The Newby Ferry Disaster took place 150 years ago on February 4th 1869 and at the time was considered to be a national disaster.
The York and Ainsty Hunt had met at Stainley House, South Stainley and after a brisk hunt from Monkton Whin, the fox and hounds swam the River Ure near Newby Hall. Some of the field attempted to ford the river but the waters were swollen with snowmelt from the hills so most of the followers made for the ferry that was moored on the opposite bank at Newby Hall.
Sir Charles Slingsby, the Master and huntsman, boarded the boat along with eleven horses and thirteen men, including the Newby Hall gardener and his son who had been summoned to bring the ferry across. Before they were half way over Sir Charles’s horse, Saltfish, panicked and leapt over board, dragging his master with him into the icy flow. During the ensuing panic the ferry capsized and within a few minutes six men, including Sir Charles and his whipper-in, William Orveys, had drowned. Nine horses also perished, but old Saltfish was one of just two to survive. The effect of this tragedy was devastating.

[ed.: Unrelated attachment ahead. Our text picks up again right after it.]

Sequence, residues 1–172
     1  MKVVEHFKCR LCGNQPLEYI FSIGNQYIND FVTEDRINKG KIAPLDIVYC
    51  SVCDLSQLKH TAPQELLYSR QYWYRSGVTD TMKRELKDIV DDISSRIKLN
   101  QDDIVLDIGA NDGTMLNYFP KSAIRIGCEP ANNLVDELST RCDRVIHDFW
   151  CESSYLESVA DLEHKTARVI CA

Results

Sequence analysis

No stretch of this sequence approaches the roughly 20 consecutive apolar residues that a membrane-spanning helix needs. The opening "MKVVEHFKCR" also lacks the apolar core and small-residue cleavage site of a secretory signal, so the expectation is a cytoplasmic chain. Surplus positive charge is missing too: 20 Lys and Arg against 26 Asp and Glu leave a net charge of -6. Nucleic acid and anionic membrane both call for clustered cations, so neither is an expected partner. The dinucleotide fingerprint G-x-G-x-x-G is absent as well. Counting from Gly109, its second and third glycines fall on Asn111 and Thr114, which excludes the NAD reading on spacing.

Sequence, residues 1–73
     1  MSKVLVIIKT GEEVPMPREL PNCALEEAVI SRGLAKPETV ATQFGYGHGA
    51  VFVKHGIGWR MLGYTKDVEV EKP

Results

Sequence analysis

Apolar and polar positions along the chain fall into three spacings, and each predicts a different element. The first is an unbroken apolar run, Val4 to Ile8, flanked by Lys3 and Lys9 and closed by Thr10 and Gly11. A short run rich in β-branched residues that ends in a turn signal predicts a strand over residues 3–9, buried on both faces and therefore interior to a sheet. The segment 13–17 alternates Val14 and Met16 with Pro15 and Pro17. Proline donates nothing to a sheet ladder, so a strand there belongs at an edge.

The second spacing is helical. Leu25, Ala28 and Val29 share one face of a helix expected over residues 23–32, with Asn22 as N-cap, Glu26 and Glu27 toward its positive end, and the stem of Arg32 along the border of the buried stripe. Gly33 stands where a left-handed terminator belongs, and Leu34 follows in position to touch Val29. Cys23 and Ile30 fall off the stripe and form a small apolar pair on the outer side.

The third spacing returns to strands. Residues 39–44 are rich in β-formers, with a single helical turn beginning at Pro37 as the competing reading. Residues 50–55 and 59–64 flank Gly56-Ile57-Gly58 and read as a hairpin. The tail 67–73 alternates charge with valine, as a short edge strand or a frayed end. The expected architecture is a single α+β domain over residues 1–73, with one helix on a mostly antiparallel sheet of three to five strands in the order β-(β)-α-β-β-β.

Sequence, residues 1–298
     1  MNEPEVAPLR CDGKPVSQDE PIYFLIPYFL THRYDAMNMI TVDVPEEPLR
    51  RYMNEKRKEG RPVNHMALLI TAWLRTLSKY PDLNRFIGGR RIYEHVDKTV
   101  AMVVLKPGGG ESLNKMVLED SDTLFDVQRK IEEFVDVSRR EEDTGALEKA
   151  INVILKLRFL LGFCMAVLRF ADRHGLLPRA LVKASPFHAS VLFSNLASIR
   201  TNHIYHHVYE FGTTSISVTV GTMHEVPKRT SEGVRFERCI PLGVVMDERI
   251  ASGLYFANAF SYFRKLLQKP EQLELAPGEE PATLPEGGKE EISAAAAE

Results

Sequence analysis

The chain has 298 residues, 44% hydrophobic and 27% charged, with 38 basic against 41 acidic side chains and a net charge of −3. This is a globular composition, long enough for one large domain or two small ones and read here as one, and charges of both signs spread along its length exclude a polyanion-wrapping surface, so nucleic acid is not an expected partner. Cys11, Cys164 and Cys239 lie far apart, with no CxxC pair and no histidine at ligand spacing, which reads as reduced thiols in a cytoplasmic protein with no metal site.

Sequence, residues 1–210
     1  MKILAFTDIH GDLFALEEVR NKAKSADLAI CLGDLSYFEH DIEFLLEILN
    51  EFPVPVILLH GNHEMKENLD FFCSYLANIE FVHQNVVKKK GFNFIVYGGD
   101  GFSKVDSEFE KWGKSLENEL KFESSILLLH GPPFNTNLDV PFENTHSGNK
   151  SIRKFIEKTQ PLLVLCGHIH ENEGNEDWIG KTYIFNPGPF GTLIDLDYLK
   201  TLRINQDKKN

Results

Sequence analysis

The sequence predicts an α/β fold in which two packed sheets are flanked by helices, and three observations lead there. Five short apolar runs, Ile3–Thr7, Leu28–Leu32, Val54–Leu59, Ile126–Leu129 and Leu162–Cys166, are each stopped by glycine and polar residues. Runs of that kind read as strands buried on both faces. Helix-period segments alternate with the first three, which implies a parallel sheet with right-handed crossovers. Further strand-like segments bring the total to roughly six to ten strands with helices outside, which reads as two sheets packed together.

This dinner will commemorate the disaster’s 150th anniversary and remember those who lost their lives.
The Dinner is being held at Thirsk Racecourse on Friday 29th March, 2019. Tickets cost £50 each. The evening commences with a champagne reception at 7.30pm, followed by dinner at 8pm. An auction of a small number of special lots will take place after dinner. Guest speakers on the night will be Nigel Peel, longstanding MFH and currently Master and Huntsman of the Thurlow, and Adrian Dangar, former MFH and direct descendant of a survivor of the disaster. Carriages at 11.30pm.
All are welcome to attend this HSBS fundraiser; please contact Lucy Stevens, Fundraising Secretary, for further information, or to book.
A commemorative re-printing of survivor Colonel R. Meysey-Thompson's eye-witness account of the disaster has been reproduced in booklet form, and this is being sold in aid of the Society. Order Forms can be downloaded here.